It’s quite busy here at HBS these days, as you might imagine. I’m working on the floor and in the receiving department, making sure books get upstairs for customers. The holiday season is always interesting. Some years people are cranky; this year people are in good moods. The economy? Who knows? We’re seeing runs on all kinds of titles and of course, publishers are running out of the hottest stuff.
Generally the atmosphere here is chaotic but lively and fun. We try not to do the usual Christmas songs either, which is great. My parents and sister are on their way to Cambridge to spend the holiday with us this year. With some snow on the ground, I’ll be able to deliver a nice New England Christmas. And no, I don’t mean uptight and cold.
I’m still reading whenever I get a chance too. I read two books since the last post, one of which is an older book, the other just guilty pleasure reading.
I’ve always wanted to read PD James’ dystopian novel Children of Men. When I saw the movie (which I really liked), I knew it was based on this novel. What I wasn’t aware of was how different it is! The book is great but I couldn’t help but notice all of the differences in plot. Set in England in 2021, the world’s population finds themselves infertile. Most of populace have accepted this and have begun rather bizarre rituals, but a small group of dissesnters arise. The narrative switches back and forth between third and first person; some chapters are the “diary” of Theo Farron, an Oxford don.
In 1994, the sperm count for males dropped to zero and the last people born are called Omegas, who remain a special race apart. Theo’s cousin Xan has become the de facto leader of the UK–he’s referred to as the Warden. Theo is approached by Julian, a member of a dissenting group who call themselves the Five Fishes. They ask Theo to approach his cousin about reforms, which he does to no effect. The story moves forward several months, after Theo leaves England for a while to travel. Upon his return, he’s contacted by one of the Five Fishes who says that Julian needs his help. Julian has a secret which she reveals and that changes everything. I won’t reveal in case you have not read the book nor seen the movie.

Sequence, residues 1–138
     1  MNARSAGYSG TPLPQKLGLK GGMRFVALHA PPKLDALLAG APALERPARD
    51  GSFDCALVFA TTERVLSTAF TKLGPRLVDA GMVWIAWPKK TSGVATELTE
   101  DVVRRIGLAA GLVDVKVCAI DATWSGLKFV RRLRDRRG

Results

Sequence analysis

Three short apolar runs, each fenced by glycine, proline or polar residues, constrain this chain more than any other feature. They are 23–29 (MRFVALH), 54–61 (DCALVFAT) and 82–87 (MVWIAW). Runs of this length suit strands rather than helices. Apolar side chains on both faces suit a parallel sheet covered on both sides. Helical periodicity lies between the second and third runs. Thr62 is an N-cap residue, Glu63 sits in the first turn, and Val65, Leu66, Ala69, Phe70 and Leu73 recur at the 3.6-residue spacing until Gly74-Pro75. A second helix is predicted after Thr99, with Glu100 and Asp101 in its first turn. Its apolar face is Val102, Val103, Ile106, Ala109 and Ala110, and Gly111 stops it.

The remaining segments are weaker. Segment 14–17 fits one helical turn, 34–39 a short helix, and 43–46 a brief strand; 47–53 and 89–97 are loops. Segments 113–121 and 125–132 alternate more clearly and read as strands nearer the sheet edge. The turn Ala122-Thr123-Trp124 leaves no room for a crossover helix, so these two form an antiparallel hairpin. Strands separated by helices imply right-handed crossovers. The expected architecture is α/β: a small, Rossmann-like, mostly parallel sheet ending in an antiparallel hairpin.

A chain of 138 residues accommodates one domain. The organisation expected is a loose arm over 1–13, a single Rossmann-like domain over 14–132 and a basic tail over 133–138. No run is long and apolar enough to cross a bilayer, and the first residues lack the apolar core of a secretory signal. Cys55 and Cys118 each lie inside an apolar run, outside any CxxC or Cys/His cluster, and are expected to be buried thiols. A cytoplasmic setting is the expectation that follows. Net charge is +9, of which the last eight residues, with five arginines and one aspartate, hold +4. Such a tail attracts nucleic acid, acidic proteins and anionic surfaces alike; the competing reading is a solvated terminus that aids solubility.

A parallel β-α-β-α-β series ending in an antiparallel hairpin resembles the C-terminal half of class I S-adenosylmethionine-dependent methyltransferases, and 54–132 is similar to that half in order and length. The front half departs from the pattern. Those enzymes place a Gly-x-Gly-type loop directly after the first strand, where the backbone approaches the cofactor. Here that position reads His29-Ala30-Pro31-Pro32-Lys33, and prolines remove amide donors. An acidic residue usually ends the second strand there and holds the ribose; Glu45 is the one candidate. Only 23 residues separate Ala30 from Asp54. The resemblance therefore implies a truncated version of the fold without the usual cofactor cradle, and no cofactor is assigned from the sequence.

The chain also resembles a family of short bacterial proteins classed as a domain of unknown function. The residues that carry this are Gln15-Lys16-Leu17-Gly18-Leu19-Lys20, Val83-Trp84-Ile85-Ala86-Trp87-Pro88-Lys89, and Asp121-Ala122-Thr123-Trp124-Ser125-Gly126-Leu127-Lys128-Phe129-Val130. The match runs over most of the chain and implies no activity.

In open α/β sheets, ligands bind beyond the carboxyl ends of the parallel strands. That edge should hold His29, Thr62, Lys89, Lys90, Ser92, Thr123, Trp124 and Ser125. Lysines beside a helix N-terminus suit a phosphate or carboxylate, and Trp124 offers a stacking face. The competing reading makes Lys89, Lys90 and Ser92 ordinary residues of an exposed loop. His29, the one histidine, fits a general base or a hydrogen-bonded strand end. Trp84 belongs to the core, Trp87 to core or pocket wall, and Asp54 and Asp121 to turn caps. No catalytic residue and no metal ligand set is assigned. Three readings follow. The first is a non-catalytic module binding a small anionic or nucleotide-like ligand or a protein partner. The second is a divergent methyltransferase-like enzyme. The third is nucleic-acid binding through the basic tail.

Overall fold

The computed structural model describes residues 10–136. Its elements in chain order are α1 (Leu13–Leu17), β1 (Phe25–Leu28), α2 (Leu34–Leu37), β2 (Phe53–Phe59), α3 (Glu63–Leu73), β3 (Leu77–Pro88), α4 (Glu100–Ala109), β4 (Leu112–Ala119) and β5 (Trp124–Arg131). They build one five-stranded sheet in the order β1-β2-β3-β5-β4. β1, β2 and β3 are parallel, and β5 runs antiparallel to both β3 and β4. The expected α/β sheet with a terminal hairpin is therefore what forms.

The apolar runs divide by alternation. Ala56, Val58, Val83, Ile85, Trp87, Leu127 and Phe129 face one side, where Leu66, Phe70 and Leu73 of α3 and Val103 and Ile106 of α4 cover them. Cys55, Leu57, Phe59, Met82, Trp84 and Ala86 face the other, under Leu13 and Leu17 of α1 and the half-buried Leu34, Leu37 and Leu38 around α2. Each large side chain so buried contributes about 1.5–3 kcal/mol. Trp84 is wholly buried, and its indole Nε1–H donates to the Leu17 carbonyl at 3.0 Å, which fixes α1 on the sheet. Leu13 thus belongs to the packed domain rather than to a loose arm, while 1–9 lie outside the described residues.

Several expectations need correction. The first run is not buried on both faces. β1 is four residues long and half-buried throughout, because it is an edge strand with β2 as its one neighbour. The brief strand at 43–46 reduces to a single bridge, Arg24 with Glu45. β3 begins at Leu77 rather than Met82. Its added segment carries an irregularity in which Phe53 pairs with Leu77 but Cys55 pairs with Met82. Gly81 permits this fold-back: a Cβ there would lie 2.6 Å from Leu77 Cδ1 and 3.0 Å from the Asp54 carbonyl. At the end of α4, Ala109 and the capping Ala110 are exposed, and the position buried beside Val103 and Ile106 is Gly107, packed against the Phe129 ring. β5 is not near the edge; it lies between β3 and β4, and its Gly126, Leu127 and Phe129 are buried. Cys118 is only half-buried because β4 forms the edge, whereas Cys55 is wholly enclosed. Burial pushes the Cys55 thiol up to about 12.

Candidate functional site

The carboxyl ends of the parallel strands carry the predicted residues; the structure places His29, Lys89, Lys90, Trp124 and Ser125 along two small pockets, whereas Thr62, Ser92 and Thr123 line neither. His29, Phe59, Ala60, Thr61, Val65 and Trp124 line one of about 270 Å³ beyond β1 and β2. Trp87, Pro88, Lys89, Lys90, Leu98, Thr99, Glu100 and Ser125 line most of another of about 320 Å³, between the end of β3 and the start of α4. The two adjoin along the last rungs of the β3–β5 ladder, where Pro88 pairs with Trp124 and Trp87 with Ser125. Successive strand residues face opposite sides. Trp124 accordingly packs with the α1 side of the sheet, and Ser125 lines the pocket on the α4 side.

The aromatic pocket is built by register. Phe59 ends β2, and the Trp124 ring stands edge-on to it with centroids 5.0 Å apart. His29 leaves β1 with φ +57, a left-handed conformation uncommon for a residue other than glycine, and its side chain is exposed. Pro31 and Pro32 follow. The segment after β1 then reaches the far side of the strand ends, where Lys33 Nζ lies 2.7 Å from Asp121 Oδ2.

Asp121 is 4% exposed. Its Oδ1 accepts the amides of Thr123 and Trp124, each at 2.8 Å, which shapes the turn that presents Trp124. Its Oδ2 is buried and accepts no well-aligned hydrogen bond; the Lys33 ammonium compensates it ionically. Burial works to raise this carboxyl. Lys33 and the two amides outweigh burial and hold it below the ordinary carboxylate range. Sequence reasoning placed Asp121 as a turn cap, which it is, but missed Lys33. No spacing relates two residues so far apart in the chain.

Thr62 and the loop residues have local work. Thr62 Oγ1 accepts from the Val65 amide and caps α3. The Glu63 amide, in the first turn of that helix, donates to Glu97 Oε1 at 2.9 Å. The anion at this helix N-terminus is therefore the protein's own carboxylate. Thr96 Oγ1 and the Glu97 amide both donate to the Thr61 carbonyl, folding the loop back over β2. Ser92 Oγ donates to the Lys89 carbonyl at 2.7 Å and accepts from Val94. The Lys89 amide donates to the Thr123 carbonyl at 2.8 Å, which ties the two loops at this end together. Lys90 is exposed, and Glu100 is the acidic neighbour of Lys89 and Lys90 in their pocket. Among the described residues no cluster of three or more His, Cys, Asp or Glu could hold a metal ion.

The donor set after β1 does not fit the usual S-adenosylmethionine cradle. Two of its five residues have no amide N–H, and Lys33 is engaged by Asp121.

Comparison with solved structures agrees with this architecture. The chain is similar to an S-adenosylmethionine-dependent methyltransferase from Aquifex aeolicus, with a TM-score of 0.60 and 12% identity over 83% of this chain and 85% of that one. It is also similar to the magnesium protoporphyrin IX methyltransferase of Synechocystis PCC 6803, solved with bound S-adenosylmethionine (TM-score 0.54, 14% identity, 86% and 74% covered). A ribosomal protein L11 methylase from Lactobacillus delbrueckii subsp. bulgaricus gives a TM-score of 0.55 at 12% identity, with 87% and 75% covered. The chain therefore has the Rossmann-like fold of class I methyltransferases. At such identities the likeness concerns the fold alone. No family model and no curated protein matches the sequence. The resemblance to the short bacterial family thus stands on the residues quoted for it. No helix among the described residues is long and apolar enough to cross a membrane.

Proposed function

That’s the basic plot which differs drastically from the film. Theo has an estranged wife, but she barely figures into the novel other than to give Theo some background for his general misanthropy. And the leader of the UK is Theo’s cousin, but he’s a huge plot point in the book. I like both versions, but the book is more nuanced and less heavy handed. Upon further research I realize that they called the film a “loose adaptation” but it’s still interesting to compare the two.
Book #84 is the fourth in Chelsea Cain’s series featuring Archie Sheridan and his torturer and serial killer Gretchen Lowell. The new one coming this Spring called The Night Season doesn’t have Gretchen however. It’s more of a straight murder mystery. In this one, Portland is flooding and a old skeleton is uncovered. Plus there seems to be another serial killer on the loose. The plot keeps you on your toes and there’s some character development as well. The descriptions of the flooding are particularly well done.